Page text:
Sunday, June 19, 2011

A Farewell - by Sir Philip Sidney

Oft have I mused, but now at length I find
Why those that die, men say, they do depart:
Depart:  a word so gentle to my mind,
Weakly did seem to paint Death’s ugly dart.

But now the stars, with their strange course, do bind
Me one to leave, with whom I leave my heart;
I hear a cry of spirits faint and blind,
That parting thus, my chiefest part I part.

Part of my life, the loathed part to me,
Lives to impart my weary clay some breath;
But that good part wherein all comforts be,
Now dead, doth show departure is a death:

Yea, worse than death, death parts both woe and joy,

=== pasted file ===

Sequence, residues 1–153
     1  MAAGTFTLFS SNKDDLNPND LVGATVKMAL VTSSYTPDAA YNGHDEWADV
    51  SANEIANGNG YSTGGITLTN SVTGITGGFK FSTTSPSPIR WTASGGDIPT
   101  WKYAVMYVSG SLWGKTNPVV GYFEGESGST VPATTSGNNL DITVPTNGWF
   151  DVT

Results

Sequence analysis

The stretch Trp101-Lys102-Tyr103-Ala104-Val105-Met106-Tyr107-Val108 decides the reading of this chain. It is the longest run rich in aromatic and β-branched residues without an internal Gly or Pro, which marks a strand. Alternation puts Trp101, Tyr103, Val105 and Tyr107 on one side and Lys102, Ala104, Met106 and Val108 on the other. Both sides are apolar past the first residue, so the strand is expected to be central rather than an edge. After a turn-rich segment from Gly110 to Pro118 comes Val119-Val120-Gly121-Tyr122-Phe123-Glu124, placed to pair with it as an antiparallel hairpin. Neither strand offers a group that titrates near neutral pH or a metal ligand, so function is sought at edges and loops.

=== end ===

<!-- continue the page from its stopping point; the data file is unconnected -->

From joy I part, still living in annoy.

Finding those beams, which I must ever love,
To mar my mind, and with my hurt to please,
I deemed it best, some absence for to prove,
If farther place might further me to ease.

My eyes thence drawn, where lived all their light,
Blinded forthwith in dark despair did lie,
Like to the mole, with want of guiding sight,
Deep plunged in earth, deprived of the sky.

In absence blind, and wearied with that woe,
To greater woes, by presence, I return;
Even as the fly, which to the flame doth go,
Pleased with the light, that his small corse doth burn:

Fair choice I have, either to live or die
A blinded mole, or else a burned fly.

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